Use your points wisely.
Once you’ve started collecting points, you might be tempted to start using them right away, but you should carefully consider when it makes sense to use them and when it’s best to save them. If you know you want to collect enough points for a big trip, for example, don’t give in to the temptation to cash out smaller amounts of cash back.
Also, note that sometimes the monetary value of a flight or hotel room doesn’t exactly match the points value, especially if there are other factors at play.
“I’m going to Las Vegas in March and I can fly from an airport that’s really close to me, or from Phoenix airport, where Southwest flies and I can use my points,” Theresa explained. “However, round-trip tickets to Vegas from the smaller, closer airport were just $99 and since it was cheap and more convenient, I just bought the ticket with cash and saved my points.”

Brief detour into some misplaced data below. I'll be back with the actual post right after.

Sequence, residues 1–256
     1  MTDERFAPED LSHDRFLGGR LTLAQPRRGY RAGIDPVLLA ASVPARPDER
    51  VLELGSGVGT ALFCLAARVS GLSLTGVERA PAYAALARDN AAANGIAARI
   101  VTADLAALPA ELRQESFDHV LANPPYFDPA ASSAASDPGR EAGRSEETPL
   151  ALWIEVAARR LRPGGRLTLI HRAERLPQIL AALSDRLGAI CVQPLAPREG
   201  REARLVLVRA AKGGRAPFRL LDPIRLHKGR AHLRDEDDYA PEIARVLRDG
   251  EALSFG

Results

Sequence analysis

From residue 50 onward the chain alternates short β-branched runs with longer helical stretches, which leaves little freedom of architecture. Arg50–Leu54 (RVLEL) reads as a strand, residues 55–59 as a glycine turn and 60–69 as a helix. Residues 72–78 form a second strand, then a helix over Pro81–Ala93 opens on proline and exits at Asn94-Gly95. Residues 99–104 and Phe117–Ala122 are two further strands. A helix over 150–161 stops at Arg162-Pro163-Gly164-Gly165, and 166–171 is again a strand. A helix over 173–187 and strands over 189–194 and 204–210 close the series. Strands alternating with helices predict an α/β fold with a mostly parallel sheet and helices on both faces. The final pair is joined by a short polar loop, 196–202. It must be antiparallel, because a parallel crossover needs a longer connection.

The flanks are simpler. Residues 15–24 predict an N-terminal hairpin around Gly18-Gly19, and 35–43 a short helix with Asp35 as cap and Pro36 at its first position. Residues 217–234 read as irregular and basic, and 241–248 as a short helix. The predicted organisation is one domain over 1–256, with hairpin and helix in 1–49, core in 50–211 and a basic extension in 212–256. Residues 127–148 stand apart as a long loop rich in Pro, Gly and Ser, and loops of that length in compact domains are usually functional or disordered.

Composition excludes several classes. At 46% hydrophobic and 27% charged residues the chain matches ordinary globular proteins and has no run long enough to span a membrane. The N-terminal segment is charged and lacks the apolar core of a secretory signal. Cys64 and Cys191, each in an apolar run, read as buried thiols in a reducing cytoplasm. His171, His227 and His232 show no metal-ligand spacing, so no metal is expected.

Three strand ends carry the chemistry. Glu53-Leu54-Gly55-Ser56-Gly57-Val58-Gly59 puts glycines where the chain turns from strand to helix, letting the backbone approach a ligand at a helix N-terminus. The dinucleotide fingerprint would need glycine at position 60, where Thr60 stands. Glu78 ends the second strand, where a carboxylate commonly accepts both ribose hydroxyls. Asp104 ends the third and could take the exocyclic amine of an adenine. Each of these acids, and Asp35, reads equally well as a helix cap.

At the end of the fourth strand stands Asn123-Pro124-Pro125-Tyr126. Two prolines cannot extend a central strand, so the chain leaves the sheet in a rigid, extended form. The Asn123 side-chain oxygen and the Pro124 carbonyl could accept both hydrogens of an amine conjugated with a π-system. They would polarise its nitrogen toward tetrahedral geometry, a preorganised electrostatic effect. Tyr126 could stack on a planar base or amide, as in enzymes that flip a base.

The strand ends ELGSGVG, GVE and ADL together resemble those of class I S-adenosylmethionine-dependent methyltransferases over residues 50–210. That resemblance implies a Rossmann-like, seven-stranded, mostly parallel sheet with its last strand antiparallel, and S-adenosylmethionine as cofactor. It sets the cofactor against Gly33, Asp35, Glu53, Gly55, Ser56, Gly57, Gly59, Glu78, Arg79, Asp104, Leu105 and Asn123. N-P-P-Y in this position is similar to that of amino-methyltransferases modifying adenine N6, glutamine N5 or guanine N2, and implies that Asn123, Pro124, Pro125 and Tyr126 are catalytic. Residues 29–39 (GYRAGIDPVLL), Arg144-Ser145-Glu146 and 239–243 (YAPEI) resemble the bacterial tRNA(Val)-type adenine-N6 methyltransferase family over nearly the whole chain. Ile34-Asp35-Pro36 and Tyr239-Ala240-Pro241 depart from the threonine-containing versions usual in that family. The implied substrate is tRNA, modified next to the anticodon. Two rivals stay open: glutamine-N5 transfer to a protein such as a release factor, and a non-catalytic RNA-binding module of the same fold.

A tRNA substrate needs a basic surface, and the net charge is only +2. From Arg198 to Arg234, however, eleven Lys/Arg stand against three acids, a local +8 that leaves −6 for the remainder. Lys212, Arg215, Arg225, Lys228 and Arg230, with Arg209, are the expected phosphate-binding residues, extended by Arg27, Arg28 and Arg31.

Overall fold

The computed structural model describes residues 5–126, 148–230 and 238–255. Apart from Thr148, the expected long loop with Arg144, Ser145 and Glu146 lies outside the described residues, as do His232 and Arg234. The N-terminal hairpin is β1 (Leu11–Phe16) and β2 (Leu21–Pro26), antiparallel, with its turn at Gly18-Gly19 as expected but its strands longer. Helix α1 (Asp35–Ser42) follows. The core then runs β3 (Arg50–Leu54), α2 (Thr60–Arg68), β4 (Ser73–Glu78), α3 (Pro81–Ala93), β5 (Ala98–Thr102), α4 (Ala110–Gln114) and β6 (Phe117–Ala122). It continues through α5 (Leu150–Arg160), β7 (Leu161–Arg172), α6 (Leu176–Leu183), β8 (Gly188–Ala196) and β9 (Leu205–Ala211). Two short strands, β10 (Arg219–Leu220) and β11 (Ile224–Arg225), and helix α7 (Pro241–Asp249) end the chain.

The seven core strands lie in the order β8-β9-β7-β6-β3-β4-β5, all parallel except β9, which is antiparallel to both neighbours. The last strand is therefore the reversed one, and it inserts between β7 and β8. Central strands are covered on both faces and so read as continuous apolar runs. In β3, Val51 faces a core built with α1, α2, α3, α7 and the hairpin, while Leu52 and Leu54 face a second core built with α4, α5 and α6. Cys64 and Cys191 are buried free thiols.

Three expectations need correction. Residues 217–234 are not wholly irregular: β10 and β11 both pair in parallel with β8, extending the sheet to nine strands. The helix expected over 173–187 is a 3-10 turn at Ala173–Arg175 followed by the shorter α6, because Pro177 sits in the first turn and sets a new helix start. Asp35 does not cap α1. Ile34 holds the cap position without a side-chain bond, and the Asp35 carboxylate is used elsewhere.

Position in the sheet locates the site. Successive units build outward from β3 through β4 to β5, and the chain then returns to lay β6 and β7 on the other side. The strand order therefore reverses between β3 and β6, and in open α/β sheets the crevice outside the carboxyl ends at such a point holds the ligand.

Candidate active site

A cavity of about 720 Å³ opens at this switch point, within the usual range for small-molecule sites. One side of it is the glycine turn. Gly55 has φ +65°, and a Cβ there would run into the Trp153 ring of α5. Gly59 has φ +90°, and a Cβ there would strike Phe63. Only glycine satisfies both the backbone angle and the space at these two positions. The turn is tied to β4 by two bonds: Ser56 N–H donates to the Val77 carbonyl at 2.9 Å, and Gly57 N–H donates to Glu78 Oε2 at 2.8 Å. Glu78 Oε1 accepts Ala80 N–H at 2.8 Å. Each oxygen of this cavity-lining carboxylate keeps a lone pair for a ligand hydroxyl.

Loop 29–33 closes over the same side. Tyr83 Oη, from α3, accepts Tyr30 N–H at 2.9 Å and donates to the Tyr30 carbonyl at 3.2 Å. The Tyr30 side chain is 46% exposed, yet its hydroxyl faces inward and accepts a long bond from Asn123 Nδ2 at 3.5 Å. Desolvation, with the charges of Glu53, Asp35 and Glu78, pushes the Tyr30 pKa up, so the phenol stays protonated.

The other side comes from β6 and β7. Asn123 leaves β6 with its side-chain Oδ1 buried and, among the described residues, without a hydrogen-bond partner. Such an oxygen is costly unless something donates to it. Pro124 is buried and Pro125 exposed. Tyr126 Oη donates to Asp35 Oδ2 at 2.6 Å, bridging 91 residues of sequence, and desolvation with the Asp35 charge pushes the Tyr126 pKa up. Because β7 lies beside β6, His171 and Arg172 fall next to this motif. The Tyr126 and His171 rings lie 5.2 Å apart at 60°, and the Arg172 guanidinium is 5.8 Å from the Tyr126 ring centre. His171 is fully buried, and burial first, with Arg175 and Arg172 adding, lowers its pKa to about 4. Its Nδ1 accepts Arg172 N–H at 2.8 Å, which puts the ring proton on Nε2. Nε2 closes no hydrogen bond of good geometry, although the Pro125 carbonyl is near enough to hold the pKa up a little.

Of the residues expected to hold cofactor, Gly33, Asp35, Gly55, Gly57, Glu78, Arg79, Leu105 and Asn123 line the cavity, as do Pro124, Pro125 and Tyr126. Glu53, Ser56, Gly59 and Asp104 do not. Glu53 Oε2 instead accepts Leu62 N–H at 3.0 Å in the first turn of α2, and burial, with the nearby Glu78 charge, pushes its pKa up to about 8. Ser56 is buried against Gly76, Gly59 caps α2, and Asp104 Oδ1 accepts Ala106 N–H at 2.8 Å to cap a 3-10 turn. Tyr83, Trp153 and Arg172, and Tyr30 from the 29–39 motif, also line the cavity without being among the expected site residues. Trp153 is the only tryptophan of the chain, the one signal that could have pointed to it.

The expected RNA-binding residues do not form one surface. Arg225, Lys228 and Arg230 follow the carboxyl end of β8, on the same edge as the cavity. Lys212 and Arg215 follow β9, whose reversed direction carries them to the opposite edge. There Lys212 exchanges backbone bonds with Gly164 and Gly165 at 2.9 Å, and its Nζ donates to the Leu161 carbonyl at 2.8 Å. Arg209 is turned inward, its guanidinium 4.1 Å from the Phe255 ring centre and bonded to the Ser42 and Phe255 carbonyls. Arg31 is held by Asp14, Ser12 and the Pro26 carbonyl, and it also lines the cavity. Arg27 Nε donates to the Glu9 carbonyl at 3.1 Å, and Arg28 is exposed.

Duane saves his points for big vacations. “Using points for travel has allowed us to experience things we otherwise would not have,” he said. “We go to Walt Disney World at least three times per year and we always stay free other than the nominal resort fee. We’re saving $225-$400 per night. Last year, our family of four also flew to New York City first class and stayed at the Sheraton New York Times Square Hotel on points. Add up the first class flights and five nights hotel, and that trip would have cost $4,550 in cash. It cost us nothing, which allowed us to spend our money on things like museums, tours, nice dinners, and front-row tickets to Wicked.”
Start slow, and pay your balance early and often.
If you’re nervous about your ability to keep your credit in good order, start off only using a small amount, and make sure you set aside cash to pay off your card each month. One thing all three sellers have in common: they rarely carry a balance.